• Kubernetes the tool for operations to manage large numbers of container instances in a uniform fashion—helps managing container life-cycle; versioning and grouping of containers; routing communication between containers; managing security, authentication, and authorization between containers, etc.

Here is an illustration of the overall architecture of a composed Akka and Kubernetes stack, each tool working its distinct layer, maintaining either application or infrastructure-level concerns, but also in concert, maintaining the application’s end-to-end guarantees:

Figure 1

Here, the service mesh composes nicely with Akka, managing all RPC communication such as Akka gRPC or Akka HTTP endpoints, while Akka is used for other communication patterns, like pub-sub event-based messaging and point-to-point messaging.

Fine-grained vs Coarse-grained Scalability And Resilience

What about scalability and resilience, why would I need two ways of managing that? It’s true that both Kubernetes and Akka helps to manage resilience and scalability, but at distinct granularity levels in the application stack. The end-to-end argument applies again and we have a lot to gain by composing the two models:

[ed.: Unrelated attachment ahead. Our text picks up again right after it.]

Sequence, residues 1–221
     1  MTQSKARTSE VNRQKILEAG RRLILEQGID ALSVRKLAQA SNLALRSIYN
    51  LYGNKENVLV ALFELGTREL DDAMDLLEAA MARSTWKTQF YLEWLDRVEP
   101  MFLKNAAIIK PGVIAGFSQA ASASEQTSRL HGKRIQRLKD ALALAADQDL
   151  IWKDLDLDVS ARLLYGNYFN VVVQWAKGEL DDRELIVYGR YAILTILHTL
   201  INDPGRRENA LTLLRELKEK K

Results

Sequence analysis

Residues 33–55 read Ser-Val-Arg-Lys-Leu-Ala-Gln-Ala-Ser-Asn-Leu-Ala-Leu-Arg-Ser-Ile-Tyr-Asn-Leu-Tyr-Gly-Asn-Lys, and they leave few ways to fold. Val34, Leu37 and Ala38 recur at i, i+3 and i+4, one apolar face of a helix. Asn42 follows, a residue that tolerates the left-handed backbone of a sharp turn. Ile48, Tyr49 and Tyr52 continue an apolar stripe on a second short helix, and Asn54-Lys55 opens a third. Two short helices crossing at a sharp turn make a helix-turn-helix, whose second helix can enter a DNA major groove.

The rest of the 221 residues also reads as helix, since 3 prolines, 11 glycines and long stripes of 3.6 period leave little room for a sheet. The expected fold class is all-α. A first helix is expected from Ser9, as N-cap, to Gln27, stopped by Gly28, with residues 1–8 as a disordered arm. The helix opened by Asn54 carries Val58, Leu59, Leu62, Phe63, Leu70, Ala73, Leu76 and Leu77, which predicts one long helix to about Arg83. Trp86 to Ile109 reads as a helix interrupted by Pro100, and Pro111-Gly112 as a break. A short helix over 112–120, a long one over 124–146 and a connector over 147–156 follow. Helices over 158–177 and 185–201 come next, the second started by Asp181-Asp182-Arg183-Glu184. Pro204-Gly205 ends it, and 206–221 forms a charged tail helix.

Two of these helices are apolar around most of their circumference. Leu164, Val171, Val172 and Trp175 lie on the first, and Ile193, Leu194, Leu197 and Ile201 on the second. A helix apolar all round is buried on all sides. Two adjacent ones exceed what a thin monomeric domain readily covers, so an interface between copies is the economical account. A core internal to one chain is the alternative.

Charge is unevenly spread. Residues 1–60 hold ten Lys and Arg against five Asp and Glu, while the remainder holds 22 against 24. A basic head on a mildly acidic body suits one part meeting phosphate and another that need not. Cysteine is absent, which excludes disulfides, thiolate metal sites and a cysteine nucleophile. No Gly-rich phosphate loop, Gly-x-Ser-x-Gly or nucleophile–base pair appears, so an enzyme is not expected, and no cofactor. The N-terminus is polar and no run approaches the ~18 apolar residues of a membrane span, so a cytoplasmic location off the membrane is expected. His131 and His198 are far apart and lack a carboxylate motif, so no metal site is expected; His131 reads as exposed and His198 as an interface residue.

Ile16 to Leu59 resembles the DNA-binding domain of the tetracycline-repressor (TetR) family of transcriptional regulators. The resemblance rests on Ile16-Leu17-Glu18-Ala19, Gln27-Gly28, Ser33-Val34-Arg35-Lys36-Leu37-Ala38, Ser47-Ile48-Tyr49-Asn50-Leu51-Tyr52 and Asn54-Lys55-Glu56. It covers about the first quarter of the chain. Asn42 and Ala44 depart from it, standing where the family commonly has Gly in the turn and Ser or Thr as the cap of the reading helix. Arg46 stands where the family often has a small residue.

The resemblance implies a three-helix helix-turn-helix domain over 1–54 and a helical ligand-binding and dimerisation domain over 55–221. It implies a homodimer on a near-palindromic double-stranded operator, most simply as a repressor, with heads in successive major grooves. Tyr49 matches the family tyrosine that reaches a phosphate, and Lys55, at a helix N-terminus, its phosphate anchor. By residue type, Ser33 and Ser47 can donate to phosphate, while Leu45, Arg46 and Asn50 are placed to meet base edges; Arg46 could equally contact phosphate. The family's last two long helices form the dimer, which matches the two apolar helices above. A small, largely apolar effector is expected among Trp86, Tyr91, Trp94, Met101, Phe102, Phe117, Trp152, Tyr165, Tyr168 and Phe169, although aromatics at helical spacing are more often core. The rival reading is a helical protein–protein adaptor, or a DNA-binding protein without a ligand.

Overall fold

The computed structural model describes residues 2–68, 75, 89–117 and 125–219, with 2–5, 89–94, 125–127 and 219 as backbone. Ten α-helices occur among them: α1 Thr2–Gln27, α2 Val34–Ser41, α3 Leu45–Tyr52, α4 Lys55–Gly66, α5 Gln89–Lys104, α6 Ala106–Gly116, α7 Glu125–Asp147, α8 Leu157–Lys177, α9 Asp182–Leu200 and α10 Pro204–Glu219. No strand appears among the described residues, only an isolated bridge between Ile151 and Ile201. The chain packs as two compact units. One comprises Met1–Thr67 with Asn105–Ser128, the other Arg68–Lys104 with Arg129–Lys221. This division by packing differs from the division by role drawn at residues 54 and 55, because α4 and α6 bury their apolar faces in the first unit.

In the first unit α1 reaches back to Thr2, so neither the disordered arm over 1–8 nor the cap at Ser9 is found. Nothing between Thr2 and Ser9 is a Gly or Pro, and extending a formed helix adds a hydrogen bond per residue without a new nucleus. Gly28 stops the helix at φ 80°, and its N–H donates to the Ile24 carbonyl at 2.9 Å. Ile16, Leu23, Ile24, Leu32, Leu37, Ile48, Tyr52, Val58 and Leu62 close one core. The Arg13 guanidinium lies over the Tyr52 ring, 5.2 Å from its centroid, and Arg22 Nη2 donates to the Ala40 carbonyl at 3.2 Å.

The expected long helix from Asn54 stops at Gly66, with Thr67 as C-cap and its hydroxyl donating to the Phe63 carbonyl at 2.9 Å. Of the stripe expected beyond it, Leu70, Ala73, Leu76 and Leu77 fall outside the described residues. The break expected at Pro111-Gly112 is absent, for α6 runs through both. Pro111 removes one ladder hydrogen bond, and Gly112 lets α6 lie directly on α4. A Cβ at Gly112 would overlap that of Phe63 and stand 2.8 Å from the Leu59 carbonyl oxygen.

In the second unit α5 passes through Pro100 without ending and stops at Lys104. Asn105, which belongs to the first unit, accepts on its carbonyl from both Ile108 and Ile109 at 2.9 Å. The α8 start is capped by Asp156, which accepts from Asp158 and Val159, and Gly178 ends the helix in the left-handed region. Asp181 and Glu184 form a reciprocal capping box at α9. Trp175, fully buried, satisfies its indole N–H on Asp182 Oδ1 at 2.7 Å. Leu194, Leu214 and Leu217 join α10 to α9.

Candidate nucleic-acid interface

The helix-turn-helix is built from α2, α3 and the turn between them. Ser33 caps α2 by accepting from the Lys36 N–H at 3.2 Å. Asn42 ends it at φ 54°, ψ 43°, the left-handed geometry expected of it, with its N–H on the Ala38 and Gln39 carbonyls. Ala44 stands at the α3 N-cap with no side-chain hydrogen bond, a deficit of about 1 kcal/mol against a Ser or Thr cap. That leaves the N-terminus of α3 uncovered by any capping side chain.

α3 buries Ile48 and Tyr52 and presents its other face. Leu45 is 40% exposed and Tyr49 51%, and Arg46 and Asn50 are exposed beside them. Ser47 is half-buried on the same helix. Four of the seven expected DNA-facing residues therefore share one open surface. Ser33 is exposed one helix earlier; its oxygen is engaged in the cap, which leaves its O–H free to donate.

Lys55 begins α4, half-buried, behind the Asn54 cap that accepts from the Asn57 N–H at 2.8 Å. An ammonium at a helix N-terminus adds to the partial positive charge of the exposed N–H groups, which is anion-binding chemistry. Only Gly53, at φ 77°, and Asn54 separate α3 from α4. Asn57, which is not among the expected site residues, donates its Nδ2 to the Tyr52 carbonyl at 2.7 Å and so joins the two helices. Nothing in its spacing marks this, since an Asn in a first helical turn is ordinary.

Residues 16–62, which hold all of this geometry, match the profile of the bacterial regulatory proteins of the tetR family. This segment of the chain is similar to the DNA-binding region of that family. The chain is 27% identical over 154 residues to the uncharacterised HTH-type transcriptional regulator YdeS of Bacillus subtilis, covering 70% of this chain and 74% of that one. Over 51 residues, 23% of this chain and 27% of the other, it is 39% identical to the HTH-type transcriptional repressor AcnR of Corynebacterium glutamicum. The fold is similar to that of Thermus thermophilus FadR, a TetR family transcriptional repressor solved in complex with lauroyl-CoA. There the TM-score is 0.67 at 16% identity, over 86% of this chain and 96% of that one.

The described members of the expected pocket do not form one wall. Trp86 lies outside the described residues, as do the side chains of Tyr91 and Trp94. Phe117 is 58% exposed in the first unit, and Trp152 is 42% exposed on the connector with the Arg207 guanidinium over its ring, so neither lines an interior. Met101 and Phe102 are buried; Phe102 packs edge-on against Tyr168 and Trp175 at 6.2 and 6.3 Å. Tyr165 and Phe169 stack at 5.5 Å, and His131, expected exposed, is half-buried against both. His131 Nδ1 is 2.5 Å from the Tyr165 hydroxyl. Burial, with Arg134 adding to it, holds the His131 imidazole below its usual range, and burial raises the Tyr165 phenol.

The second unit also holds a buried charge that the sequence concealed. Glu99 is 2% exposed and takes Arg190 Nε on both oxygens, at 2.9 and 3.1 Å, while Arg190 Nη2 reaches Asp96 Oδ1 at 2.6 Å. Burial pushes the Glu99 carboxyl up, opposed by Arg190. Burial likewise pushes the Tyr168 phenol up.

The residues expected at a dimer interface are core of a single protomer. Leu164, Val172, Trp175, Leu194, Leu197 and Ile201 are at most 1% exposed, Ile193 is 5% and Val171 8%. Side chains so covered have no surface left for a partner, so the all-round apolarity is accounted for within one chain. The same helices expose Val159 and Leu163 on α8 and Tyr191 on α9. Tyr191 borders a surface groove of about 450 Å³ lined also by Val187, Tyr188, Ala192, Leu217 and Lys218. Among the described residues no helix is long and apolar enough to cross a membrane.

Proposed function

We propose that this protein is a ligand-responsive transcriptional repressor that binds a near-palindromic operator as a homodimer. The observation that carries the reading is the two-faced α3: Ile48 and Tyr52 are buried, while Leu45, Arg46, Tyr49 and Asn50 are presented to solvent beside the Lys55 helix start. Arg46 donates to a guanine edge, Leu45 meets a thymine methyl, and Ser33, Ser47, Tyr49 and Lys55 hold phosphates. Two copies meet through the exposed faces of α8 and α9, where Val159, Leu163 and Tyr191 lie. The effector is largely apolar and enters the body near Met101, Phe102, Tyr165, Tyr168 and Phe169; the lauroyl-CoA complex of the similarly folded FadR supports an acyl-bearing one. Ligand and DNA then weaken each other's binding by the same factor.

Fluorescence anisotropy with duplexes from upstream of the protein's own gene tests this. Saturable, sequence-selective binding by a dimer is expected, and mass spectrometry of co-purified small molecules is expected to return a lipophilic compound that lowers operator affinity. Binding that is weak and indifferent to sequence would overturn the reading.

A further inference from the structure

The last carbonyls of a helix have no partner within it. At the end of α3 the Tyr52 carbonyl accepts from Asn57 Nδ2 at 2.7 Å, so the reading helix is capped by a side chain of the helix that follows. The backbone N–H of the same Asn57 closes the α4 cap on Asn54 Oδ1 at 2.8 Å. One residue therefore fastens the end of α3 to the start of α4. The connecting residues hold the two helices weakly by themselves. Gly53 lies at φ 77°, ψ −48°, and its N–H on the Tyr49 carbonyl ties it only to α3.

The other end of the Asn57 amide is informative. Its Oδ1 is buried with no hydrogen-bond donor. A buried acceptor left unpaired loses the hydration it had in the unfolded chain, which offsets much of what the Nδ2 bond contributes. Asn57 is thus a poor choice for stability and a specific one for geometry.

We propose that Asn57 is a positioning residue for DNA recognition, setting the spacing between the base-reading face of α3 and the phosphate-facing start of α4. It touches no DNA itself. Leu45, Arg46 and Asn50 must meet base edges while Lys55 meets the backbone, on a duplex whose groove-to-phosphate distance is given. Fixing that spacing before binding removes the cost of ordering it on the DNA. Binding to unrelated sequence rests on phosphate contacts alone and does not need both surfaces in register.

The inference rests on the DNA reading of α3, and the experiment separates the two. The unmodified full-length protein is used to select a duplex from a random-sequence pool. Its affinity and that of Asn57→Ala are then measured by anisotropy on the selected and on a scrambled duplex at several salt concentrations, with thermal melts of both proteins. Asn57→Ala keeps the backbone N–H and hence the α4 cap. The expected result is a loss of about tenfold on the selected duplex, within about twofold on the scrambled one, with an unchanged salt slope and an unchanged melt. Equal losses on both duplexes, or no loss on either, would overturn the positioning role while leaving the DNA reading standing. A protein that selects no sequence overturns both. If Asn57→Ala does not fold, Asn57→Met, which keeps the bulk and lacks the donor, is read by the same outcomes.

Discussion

• Akka allows for fine-grained entity-level management of resilience and scalability—working closely with the application—where each service in itself is a cluster of entity replicas that are replicated, restarted, and scaled up and down as needed.
  • Kubernetes allows for coarse-grained container-level management of resilience and scalability, where the container is replicated, restarted, or scaled out/in as a whole.

In essence: Kubernetes’ job is to give your application enough compute resources, getting external traffic to a node in your application, and manage things like access control—while Akka’s job is deciding how to distribute that work across all the computing resource that has been given to it.